There are a number of nice dance animations in Mixamo.  If you use the search box you can filter to see only the dance animations.

    Good luck and have fun.  

     

  • @PhilTanny ; I started learning Blender from some online classes and have made some pretty good progress, but Houdini threw me for a loop when I played with a trial of it.  I like Blender over it a bunch; in fact I am getting to where I like a lot of what can be done in Blender but it does take time to learn everything... a lot of it!  The IK stuff is all still new to me and I haven't found any good tutorials to help me along yet. I'm kind of wrapped up in the Physics engine stuff which is awesome.  I'm still weak in particles and texturing though.

  • @tddavis, personally I'm not yet interested enough in 3D to dive in to Blender.  At the moment I'm looking for simple nube  tools which match my level of interest, thus this thread.

    I have been eyeing iClone  because I own another product (CrazyTalk) from that company that I really like.  iClone comes with yet another character creator that looks better than those mentioned above.   Both iClone and CrazyTalk work with their 100 realistic human heads  which seems pretty nifty.   All these 3D products cost money of course, unlike Blender and the tools mentioned above.

    Mostly I'm waiting for the developers to make 3D easier, which I'm sure is increasingly coming because that's where the most people, and thus money, are. 

    The 3D space reminds me of web publishing in the 90's.  Back in the early days you had to know all kinds of technical nerd stuff to create a website which was a big barrier to entry for most people. Today your dog could create a site in 5 minutes.  The services listed at the  top interest me because I believe they provide a glimpse of where 3D is going, much  more point and click, drag and drop, and lots less power nerd stuff.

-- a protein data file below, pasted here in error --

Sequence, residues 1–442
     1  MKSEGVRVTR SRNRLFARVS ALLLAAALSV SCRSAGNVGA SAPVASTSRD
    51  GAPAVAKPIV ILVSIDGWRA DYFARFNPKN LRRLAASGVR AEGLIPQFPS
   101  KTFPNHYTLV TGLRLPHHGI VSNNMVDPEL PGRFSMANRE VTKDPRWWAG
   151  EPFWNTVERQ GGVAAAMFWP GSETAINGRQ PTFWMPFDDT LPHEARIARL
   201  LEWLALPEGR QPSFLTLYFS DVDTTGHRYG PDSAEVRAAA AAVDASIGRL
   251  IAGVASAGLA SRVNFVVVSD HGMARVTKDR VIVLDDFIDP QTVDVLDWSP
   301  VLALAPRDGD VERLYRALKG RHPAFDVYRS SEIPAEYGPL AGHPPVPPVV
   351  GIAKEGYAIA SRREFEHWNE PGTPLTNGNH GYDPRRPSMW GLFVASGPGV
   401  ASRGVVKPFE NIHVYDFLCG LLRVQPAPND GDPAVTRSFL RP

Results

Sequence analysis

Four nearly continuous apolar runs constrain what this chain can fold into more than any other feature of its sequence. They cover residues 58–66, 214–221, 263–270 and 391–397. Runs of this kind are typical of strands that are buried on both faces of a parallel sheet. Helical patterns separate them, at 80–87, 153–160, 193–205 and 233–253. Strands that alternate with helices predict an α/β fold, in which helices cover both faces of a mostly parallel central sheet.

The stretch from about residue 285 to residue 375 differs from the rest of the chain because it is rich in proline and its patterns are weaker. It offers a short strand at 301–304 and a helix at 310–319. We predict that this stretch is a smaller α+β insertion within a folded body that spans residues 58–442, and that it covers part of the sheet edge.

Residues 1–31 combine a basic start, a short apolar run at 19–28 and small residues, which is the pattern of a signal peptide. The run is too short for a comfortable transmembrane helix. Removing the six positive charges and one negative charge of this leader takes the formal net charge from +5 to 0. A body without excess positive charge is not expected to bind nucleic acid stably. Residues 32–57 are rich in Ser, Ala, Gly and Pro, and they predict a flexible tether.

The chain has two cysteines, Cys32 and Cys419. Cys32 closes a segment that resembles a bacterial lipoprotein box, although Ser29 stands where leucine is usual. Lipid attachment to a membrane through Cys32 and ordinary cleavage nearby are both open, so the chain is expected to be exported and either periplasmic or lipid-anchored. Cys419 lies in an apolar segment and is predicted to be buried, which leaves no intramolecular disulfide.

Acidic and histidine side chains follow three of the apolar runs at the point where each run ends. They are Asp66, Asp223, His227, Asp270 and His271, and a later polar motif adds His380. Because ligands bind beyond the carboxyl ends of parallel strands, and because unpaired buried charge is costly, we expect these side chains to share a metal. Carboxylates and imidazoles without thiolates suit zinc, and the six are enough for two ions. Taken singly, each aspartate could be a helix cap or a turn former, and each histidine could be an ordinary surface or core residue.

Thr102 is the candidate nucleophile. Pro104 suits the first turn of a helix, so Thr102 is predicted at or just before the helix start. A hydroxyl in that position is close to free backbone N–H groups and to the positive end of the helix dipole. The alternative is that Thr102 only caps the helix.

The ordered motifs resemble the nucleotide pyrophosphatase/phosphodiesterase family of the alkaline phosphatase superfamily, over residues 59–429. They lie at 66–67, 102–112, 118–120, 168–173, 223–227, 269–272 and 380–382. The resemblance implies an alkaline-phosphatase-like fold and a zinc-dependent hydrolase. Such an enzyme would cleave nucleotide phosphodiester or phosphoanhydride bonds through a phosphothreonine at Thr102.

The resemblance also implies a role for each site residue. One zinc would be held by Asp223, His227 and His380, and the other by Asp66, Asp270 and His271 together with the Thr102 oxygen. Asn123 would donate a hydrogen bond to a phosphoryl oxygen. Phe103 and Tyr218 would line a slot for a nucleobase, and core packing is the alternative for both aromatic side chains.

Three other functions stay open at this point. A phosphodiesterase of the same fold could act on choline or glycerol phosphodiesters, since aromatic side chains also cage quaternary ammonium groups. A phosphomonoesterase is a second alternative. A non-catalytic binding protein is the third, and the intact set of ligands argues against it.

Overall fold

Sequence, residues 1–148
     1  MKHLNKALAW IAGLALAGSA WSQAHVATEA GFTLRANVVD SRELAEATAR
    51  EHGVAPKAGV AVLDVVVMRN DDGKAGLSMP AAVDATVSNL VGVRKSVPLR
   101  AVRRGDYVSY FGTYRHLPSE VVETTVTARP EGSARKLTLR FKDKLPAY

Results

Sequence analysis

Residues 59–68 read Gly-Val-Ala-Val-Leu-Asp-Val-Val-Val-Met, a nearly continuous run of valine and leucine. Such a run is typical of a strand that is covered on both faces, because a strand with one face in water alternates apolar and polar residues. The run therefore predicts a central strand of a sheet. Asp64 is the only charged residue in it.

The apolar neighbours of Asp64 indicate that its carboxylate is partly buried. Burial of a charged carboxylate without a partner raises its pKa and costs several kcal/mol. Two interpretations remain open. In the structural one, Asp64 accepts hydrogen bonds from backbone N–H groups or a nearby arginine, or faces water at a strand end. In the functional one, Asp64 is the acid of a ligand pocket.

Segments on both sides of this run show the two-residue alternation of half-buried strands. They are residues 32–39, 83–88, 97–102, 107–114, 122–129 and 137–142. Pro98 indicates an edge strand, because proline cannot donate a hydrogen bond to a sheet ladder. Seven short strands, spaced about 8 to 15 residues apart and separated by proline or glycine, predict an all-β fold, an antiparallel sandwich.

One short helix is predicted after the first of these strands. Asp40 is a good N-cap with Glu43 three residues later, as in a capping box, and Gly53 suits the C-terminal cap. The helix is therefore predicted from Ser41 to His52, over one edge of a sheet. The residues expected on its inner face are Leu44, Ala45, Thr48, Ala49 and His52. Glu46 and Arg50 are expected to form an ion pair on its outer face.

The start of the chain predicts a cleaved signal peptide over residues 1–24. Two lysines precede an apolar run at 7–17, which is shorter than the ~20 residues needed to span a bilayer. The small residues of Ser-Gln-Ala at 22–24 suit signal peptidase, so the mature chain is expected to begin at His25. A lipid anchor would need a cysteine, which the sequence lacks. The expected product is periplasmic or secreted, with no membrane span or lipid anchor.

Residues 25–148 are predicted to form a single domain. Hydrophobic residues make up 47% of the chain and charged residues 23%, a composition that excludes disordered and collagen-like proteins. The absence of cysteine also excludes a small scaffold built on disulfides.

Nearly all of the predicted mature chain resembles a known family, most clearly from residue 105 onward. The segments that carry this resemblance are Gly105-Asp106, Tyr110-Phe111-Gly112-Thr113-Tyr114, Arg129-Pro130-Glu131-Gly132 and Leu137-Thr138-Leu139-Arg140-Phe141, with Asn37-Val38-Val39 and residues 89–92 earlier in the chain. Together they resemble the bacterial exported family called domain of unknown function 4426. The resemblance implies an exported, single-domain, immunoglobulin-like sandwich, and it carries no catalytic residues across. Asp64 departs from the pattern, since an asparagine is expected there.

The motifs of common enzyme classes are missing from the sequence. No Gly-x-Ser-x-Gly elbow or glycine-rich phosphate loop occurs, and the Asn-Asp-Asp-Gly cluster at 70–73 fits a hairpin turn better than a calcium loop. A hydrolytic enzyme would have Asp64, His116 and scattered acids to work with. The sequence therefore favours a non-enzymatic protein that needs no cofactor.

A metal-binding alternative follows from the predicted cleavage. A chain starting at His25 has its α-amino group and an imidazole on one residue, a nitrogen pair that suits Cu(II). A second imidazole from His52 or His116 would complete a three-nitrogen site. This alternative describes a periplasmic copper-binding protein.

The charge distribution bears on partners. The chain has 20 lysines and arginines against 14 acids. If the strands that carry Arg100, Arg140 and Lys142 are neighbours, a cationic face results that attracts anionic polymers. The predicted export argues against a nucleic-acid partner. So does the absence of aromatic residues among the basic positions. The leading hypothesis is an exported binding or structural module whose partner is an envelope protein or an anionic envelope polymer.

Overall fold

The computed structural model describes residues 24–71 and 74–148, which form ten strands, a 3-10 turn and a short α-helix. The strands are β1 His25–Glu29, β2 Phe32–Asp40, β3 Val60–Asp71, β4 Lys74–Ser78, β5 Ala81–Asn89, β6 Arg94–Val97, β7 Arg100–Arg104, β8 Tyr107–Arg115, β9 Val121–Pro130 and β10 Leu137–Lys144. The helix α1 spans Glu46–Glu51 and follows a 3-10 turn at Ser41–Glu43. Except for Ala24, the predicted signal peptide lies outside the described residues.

• @PhilTanny ; I tried one of my Minions and I think they are too foreign to the biped model format they need.  It distorted the shoulders but it did dance around.  I'll have to play with the tips for model import a bit to see if I can get it looking good.  Could be very useful though if I ever make a little animated short with my grandkids I've tinkered around with for a decade.  It was to be live action back then but they've grown up since I scripted, so now it'll have to be all CG. 

  • Yea, moving 3D data from one app to another seems to be a major issue, at least in my nube experience.   Probably the single biggest reason  I don't spend more time in  3D.

    If  you can get your minion in to a T-pose that might help.   Facing forward, feet on floor, arms extended to horizontal.  

    The only other solution I know of is to create a new character in MakeHuman or Fuse, those have always worked for me.

    Good luck!

  • edited December 2017

    Hey Phil,

    thank you so much for your investigation and the workflow-description 
    A very useful summary also it is for those who want make static objects to fly.

    I'm in the same boat. Being also a noob for this kind of stuff I also tried (and try) to dive into the material - and had similar noob-"got stuck"-experience concerning the ways to get MakeHuman-Creatures out of the prog with the the aim to get them animated in Blender without having a grip of the painful ways how to get there

    End-target of course: Get static models/creatures animated and load them into Hitfilm.